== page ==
Lay Leadership During Days Of Transition
By Skip Schlafer
Transition is stressful. We’ve all been there at one time or another for one reason or another. Whether couch potato or activist, transition is a challenge. For the couch potato, it is especially stressful when the pulpit is empty – the pastor/priest is no longer in residence. For the activist, it is also stressful suggesting opportunities for change without clerical guidance. No matter how you identify yourself, the time between a known clergy leader and a yet to be revealed clergy leader change is a hectic one.
I relate to Danaan Parry’s The Parable of the Trapeze with his image of a trapeze artist swinging comfortably along, hanging onto a trapeze bar with a known clergy person and seeing a new unoccupied trapeze bar swinging freely ahead. The trapeze artist knows that a decision is imminent. One must release the old bar and make the leap toward the new, the artist must take a leap of faith.
Two churches come to mind- one a historic congregation with an aging campus and the other an established congregation with needed property upgrades. Both were in transition, moving from years of strong clerical leadership to seeking a new leader. Both had needs. The historic congregation had immediate property needs, namely their slate roof was falling off. The established congregation acknowledged a fiscal responsibility; they needed to repay forgiven funds borrowed from their endowment years earlier for a campus update. Both wanted to be prepared for new clergy leadership. Both considered the possibility (and consequences) of waiting for a new clergyperson to arrive. They questioned – would a capital campaign during the honeymoon days of new clergy leadership be a wise decision or should current issues be addressed now rather than at a future time?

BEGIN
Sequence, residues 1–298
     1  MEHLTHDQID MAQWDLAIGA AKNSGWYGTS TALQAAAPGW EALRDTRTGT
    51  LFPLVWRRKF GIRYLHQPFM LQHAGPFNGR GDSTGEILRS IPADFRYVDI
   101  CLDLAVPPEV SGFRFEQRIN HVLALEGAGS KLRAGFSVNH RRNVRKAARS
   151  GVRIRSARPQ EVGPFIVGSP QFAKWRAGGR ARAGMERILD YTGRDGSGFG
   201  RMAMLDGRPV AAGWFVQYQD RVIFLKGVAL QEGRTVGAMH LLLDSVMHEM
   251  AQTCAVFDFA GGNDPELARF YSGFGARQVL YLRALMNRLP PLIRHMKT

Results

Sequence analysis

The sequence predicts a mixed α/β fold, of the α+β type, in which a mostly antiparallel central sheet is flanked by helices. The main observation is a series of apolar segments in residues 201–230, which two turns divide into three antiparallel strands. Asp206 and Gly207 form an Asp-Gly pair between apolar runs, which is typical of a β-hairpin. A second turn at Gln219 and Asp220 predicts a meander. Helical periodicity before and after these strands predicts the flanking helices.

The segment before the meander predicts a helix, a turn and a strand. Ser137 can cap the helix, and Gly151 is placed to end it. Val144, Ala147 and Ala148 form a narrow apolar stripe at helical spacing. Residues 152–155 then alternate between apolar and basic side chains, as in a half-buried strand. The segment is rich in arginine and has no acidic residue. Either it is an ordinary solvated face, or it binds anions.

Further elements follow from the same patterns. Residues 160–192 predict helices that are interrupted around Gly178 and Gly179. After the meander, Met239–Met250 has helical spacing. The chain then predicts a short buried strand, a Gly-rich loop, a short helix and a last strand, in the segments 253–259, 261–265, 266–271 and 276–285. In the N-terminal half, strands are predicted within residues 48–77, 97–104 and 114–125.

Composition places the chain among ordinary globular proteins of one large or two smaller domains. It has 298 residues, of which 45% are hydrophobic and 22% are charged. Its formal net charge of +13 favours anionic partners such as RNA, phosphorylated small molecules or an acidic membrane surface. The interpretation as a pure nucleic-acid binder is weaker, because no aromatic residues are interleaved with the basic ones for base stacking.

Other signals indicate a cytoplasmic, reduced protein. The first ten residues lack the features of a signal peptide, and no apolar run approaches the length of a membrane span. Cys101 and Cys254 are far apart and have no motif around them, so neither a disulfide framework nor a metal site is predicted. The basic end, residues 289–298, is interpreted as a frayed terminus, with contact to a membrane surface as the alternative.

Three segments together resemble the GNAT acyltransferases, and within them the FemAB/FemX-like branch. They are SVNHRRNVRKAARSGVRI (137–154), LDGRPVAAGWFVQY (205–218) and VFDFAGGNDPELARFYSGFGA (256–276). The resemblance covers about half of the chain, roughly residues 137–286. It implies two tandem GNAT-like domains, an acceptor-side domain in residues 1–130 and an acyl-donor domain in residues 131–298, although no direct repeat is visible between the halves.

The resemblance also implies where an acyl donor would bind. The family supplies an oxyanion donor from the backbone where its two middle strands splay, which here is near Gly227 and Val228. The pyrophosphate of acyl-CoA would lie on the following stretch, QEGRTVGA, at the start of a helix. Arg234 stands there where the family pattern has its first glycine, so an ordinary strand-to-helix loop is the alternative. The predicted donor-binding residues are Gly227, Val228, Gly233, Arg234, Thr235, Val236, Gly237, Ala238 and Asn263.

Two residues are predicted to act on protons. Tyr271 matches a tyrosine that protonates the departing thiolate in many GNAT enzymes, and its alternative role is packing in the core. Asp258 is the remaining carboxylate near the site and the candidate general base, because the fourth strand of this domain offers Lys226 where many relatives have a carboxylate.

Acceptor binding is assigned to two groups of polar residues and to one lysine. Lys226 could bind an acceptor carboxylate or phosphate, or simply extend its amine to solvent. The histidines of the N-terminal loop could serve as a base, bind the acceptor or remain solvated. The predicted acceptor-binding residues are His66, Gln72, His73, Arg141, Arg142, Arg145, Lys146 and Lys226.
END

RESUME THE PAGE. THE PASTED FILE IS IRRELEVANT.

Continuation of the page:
The historic congregation decided to move ahead. They coupled the immediate need of replacing their slate roof with an upgrade to their church building – adding an enlarged narthex to their historic structure. It resulted in the dual success of a capital campaign combined with their annual stewardship campaign leaving their new clergy leader worry-free to immediately focus on ministry.
The established congregation has also decided to move ahead. They have coupled their fiscal responsibility with additional campus upgrades to make their facilities safer and more “user” friendly. They, too, have decided to combine a capital campaign with their annual stewardship campaign. When their new clergy leader arrives, the emphasis will be on ministry.
Bottom line – creative, dedicated lay leadership during days of transition opens the door to MINISTRY!